Boston Fern Care
Boston Fern Care Instructions
This article will explain in-depth Boston Fern care instructions. By following this guideline, you should have no problem keeping your Boston Fern not only surviving, but thriving for years to come. The Boston Fern is of the most common and popular indoor plants used in homes, offices and interior landscapes due to their easy care. The Boston Fern is also more commonly known as the Sword Fern. They are native to tropical regions throughout the world and tend to thrive in humid swamps and forests. Boston Fern are in the family Lomaniopsidaceae. They are also on NASA’s list of clean air plants because they help filter the air of harmful chemicals. It is recommended to use one plant per 100 square feet of living space to help filter chemicals such as formaldehyde and benzene from the air.
Boston Ferns are commonly grown as a hanging basket, but can also be found in 4, 6, 8, 10 and 14″ pots. The most common varieties that are available are the Boston Fern and the Boston Fern Compacta. They are both very closely related to the Kimberly Queen fern in care as well as appearance. The Boston Fern tends to grow longer hanging sword shaped leaves, while the Kimberly Queen tends to be more of an upright grower. All varieties can be grown outdoors in warmer climates when there is no chance of frost. They are also perennial in USDA hardiness zones 9-11.
Boston Fern do best in locations with bright, filtered light such as a window sill that has an Eastern exposure. Bright indirect sunlight is optimal. When grown outdoors, Boston Ferns prefer a shaded location such as a covered porch or under a tree. If you have less than optimal lighting available, the plant may adapt and survive in full sun – but be careful to watch that your fern does not burn. From our experience Boston Ferns are an excellent choice for a room or office with good natural light.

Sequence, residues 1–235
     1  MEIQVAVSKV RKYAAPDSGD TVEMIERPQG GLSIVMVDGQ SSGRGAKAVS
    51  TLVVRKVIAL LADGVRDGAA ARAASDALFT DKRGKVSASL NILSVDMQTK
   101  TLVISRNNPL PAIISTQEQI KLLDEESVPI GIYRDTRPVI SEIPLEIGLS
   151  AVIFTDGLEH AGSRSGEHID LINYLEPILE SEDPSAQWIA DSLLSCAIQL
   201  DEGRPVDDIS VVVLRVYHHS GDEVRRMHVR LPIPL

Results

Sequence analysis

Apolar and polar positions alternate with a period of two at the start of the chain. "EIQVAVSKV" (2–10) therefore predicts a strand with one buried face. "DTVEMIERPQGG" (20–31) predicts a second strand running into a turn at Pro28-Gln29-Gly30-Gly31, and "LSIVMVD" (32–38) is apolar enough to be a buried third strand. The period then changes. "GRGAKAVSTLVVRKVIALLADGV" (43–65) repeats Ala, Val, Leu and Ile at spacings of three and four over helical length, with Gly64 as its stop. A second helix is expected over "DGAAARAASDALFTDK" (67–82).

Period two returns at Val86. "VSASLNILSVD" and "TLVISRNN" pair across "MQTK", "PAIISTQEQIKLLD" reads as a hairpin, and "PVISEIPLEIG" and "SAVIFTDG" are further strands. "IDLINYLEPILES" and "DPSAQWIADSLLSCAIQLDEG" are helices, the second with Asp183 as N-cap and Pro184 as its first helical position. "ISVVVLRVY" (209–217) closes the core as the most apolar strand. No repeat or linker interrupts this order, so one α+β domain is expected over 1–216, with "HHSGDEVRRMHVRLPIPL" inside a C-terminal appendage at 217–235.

The Boston Fern is a great house or office plant because it prefers the same temperatures that many living situations are kept at on a daily basis. Night time temperatures in the lower 60’s and day time temperatures in the 70’s are ideal. Keep in mind that although your home or office are kept at these average temperatures, other factors may play a part in your plant being too hot or cold. Make sure that your Boston Fern is not directly affected by a heating or air conditioner vent. The direct cold or hot air will surely damage your plant. You also want to keep an eye on the window if you place your plant in one. On very cold days, the glass will transfer the cold – and if the leaves from your Boston Fern are pressed against the glass, they will become damaged. It is never a good idea to have your plant up against any window or wall. You will also want to avoid any drafts in colder climates. A cold gust of wind from being placed near a door or window that opens could also damage your plant.
Watering Boston Ferns